New Drug Application

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a new drug application in the 1930s for Sulfapyridine to the United States Food and Drug Administration

The New Drug Application (NDA) is the vehicle in the United States through which drug sponsors formally propose that the Food and Drug Administration (FDA) approve a new pharmaceutical for sale and marketing. The goals of the NDA are to provide enough information to permit FDA reviewers to establish the following:

  • Is the drug safe and effective in its proposed use(s) when used as directed, and do the benefits of the drug outweigh the risks?
  • Is the drug’s proposed labeling (package insert) appropriate, and what should it contain?
  • Are the methods used in manufacturing (Good Manufacturing Practice, GMP) the drug and the controls used to maintain the drug’s quality adequate to preserve the drug’s identity, strength, quality, and purity?

Before trials[edit]

To legally test the drug on human subjects in the U.S., the maker must first obtain an Investigational New Drug (IND) designation from FDA. This application is based on pre-clinical data, typically from animal studies after P1, that shows the drug is safe enough to test in humans

Often the "new" drugs that are submitted for approval include new molecular entities or old medications that have been chemically modified to elicit differential pharmacological effects or reduced side-effects.

Clinical trials[edit]

The legal requirement for approval is "substantial" evidence of efficacy demonstrated through controlled clinical trials.[1] This standard lies at the heart of the regulatory program for drugs. It means that the clinical experience of doctors, the opinion of experts, or testimonials from patients, even if they have experienced a miraculous recovery, have minimal weight in this process. Data for the submission must come from rigorous clinical trials.

The trials are typically conducted in three phases:

  • Phase 1: The drug is tested in a few healthy volunteers to determine if it is acutely toxic.
  • Phase 2: Various doses of the drug are tried to determine how much to give to patients.
  • Phase 3: The drug is typically tested in double-blind, placebo controlled trials to demonstrate that it works. Sponsors typically confer with FDA prior to starting these trials to determine what data is needed, since these trials often involve hundreds of patients and are very expensive.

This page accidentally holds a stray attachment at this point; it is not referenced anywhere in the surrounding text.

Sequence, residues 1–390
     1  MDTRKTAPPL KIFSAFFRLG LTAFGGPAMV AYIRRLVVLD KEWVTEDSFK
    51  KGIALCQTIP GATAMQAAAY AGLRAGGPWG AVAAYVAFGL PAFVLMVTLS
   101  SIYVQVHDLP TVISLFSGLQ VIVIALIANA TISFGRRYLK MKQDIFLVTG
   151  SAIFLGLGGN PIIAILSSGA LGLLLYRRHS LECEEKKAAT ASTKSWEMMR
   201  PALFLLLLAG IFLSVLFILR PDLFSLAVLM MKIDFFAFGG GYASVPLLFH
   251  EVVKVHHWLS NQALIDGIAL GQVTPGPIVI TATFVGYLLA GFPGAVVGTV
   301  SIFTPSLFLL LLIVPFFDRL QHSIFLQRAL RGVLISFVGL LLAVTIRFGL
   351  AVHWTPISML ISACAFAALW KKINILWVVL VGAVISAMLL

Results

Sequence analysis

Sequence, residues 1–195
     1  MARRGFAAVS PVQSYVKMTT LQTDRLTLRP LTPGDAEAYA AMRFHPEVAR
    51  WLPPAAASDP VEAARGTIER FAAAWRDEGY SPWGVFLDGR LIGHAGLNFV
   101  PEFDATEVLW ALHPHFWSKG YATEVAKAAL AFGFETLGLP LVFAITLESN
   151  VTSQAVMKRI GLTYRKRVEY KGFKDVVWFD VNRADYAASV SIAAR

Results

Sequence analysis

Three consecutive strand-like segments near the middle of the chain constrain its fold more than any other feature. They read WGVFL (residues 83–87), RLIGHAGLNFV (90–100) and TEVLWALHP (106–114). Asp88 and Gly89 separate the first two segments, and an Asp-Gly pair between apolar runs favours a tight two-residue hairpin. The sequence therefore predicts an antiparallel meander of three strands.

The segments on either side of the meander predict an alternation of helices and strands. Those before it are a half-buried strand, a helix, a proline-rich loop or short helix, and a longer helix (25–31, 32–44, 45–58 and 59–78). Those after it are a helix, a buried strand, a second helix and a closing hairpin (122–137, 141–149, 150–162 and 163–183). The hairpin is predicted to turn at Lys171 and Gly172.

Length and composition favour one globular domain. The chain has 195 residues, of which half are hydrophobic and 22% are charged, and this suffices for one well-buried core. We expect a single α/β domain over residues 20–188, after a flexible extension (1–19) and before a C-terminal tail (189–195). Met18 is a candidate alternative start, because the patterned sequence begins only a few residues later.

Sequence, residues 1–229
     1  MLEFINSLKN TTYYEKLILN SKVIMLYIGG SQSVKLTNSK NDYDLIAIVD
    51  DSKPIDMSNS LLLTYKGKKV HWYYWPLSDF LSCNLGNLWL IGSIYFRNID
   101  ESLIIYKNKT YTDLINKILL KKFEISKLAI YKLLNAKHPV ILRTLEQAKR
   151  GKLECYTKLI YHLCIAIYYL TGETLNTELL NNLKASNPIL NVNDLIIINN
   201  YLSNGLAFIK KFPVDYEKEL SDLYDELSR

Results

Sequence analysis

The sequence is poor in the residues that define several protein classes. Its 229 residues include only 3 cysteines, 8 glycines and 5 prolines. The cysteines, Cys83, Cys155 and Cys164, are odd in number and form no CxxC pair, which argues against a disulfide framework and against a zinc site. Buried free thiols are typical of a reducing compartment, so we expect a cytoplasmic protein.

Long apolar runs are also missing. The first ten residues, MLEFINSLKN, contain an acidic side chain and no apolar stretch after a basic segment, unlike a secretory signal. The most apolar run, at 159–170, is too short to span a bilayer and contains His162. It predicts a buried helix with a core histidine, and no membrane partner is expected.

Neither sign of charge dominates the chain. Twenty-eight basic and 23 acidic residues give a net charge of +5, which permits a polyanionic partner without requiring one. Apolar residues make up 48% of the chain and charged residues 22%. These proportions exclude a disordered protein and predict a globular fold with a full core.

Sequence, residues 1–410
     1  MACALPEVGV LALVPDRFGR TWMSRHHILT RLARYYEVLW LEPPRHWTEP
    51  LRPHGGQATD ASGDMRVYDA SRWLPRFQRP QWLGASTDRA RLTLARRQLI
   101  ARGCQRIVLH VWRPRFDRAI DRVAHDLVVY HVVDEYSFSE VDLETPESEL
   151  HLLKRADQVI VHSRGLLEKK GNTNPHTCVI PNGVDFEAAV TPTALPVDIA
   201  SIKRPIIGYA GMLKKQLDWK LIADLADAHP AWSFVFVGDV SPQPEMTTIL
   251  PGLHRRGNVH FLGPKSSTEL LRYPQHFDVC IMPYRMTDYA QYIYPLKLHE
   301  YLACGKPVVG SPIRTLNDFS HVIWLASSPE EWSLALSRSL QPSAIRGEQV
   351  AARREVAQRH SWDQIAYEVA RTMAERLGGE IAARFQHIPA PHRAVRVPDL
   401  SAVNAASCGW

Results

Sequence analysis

• (Phase 4): These are post-approval trials that are sometimes a condition attached by the FDA to the approval.

The legal requirements for safety and efficacy have been interpreted as requiring scientific evidence that the benefits of a drug outweigh the risks and that adequate instructions exist for use, since many drugs are toxic and technically not "safe" in the usual sense.

Many approved medications for serious illnesses (e.g., cancer) have severe and even life-threatening side effects. Even relatively safe and well understood OTC drugs such as aspirin can be dangerous if used incorrectly.

The actual application[edit]

The results of the testing program are codified in an FDA-approved public document that is called the product label, package insert or Full Prescribing Information.[2] The prescribing information is widely available on the web, from the FDA,[3] drug manufacturers, and frequently inserted into drug packages. The main purpose of a drug label is to provide healthcare providers with adequate information and directions for the safe use of the drug.

The documentation required in an NDA is supposed to tell the drug’s whole story, including what happened during clinical tests, what the ingredients of the drug formulation are, results of animal studies, how the drug behaves in the body, and how the company manufactures, processes and packages it. Currently, the FDA decision process lacks transparency, however, efforts are underway to standardize the benefit-risk assessment of new medicines.[4] Once approval of an NDA is obtained, the new drug can be legally marketed starting that day in the U.S.